fulfillment of the obligations incumbent upon it under the terms of the Treaty of Versailles as regards:
Second, the payment due, May 1, 1921, under Article 235 of the treaty, which the Reparations Commission already has called upon it to make at this date.
Third, the trial of war criminals as further provided for by the Allied notes of February 13 and May 7, 1920, and
Fourth, certain other important respects, notably those which arise under Articles 264 to 267, 269, 273, 321, 322 and 327 of the treaty, decide:
A–To proceed from today with all necessary preliminary measures for the occupation of the Ruhr valley by Allied troops on the Rhine under the conditions laid down.
B-In accordance with Article 235 of the Versailles Treaty, to invite the Allied Reparations Commission to notify the German Government without delay of the time and methods for the discharge by Germany of her debt, and to announce its decision on this point to the German Government by May 6, at the latest.
C—To summon the German Government to declare categorically within six days after receiving the above decision its determination: (1) To execute without reservation or condition its obligations as defined by the Reparations Commission; (2) To accept and realize without reservation or condition in regard to its obligations the guarantees prescribed by the Reparations Commission; (3) To execute without reservation or delay measures concerning military, naval and aërial disarmament of which Germany was notified by the Allied nations in their note of January 29; those measures in the execution of which they have so far failed to comply with are to be completed immediately and the remainder on a date still to be fixed; (4) To proceed without reser. vation or delay to the trial of war criminals, and also with other parts of the Versailles Treaty which have not as yet been fulfilled.
D—To proceed on May 12 with the occupation of the Ruhr valley, and to undertake all other military and naval measures, should the German Government fail to comply with the foregoing conditions. This occupation will last as long as Germany continues her failure to fulfill the conditions laid down.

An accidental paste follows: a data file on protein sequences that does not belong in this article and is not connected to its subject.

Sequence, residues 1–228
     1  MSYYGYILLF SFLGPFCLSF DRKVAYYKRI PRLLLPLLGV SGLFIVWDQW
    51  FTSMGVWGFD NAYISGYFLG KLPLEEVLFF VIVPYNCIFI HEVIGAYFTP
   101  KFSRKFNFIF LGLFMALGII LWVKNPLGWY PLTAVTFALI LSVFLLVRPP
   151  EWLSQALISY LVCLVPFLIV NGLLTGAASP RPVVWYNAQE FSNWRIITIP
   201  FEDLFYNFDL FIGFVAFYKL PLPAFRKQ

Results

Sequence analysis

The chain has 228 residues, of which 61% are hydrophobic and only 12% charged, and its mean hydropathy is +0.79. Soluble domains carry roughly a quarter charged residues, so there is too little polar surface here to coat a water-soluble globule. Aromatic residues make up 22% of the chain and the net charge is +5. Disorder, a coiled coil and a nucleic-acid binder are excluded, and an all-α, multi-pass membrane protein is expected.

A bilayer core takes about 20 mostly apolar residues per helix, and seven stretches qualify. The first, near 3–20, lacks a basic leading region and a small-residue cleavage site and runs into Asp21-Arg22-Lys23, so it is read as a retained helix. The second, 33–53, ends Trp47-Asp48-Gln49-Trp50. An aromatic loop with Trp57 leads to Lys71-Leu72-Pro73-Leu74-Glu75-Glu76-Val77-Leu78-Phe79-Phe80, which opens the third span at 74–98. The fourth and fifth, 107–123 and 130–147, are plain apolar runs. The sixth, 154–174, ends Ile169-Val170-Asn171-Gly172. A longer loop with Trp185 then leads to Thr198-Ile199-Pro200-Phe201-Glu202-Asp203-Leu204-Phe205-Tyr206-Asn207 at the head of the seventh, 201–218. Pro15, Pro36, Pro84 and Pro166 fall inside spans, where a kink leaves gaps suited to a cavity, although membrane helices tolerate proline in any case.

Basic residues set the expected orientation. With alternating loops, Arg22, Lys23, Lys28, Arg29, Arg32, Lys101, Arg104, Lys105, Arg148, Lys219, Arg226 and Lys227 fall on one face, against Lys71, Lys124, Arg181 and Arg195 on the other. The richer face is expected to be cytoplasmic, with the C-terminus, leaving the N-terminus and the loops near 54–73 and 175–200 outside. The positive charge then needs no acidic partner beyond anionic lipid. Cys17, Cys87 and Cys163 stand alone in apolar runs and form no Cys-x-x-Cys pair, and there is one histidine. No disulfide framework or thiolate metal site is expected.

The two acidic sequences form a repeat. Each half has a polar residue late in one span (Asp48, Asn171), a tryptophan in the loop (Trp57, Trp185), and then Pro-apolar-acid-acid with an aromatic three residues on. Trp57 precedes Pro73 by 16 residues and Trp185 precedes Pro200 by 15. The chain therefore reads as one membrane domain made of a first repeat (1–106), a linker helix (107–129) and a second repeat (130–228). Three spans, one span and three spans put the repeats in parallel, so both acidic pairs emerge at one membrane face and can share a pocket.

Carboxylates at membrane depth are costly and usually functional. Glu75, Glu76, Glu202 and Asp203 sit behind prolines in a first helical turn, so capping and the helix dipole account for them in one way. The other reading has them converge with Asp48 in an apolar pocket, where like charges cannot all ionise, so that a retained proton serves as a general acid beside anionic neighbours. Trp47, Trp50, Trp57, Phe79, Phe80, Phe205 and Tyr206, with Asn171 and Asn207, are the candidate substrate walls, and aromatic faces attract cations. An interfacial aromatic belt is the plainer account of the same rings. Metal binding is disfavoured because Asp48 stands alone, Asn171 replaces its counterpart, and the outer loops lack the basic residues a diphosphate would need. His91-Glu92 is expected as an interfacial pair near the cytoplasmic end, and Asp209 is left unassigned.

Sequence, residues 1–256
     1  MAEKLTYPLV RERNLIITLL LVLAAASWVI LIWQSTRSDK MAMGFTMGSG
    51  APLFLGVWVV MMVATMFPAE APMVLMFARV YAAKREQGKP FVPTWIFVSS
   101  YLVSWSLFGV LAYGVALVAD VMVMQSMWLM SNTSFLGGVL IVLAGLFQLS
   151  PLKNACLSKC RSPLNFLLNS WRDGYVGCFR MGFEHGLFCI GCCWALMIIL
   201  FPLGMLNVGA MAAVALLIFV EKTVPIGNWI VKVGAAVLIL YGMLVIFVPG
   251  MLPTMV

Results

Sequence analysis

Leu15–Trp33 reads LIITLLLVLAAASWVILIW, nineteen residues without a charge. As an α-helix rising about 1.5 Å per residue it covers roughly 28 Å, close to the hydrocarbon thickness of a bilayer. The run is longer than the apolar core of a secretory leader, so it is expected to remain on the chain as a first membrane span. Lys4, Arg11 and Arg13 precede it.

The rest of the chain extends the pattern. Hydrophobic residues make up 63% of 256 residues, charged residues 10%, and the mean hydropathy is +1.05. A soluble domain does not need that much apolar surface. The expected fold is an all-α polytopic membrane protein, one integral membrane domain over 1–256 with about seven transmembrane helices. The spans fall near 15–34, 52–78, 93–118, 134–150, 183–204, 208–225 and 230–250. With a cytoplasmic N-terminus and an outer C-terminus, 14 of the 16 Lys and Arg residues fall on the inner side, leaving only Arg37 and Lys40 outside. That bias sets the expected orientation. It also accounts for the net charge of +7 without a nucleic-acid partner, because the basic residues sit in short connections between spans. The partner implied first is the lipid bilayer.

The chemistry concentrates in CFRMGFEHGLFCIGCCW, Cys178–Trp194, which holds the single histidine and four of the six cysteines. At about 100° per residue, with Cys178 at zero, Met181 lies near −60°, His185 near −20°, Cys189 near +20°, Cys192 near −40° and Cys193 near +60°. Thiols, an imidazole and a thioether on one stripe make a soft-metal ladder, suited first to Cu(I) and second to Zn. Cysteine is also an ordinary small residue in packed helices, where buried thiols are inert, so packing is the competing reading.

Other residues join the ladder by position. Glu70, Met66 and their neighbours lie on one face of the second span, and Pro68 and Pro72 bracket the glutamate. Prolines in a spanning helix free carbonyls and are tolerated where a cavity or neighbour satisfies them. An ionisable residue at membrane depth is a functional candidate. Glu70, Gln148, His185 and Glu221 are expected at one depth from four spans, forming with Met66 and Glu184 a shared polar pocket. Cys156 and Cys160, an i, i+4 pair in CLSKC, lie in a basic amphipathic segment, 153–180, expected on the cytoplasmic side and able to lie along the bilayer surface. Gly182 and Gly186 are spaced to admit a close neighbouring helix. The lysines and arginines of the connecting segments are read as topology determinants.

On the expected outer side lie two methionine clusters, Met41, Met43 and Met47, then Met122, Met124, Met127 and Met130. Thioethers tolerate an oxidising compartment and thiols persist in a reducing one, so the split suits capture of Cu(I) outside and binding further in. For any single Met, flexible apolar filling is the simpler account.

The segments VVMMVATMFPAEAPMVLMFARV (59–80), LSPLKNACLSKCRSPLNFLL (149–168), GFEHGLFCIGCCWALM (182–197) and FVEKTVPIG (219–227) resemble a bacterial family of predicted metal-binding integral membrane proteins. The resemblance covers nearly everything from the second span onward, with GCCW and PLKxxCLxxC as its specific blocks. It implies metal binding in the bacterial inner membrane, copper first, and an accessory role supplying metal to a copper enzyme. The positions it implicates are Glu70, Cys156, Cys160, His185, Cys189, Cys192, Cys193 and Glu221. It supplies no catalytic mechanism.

On the night of the same date (May 5, 1921), the Reparation Commission handed to the German War Burdens Commission the following Protocol :
Germany will perform in the manner laid down in this schedule her obligations to pay the total fixed in accordance with Articles 231, 232 and 233 of the Treaty of Versailles, 132,000,000,000 gold marks, less: (a) the amount already paid on account of reparations; (b) sums which may, from time to time, be credited to Germany in respect of state properties in ceded territory, etc.; (c) any sums received from other enemy or former enemy Powers, in respect to which the commission may decide credits should be given to Germany, plus the amount of the Belgian debt to the Allies, the amounts of these reductions to be determined later by the commission.
The Protocol then provides for the issue of bonds secured by the entire assets of the German Empire and the German States. The first series of bonds for the amount of 12,000,000,000 gold marks, says the Protocol, shall be delivered by July 1, 1921, but the interest of five per cent, plus one per cent for a sinking fund, shall be payable half-yearly from May 1st. The second series for 38,000,000,000 gold marks shall be issued on November 1, 1921. The third series for 82,000,000,000 gold marks shall be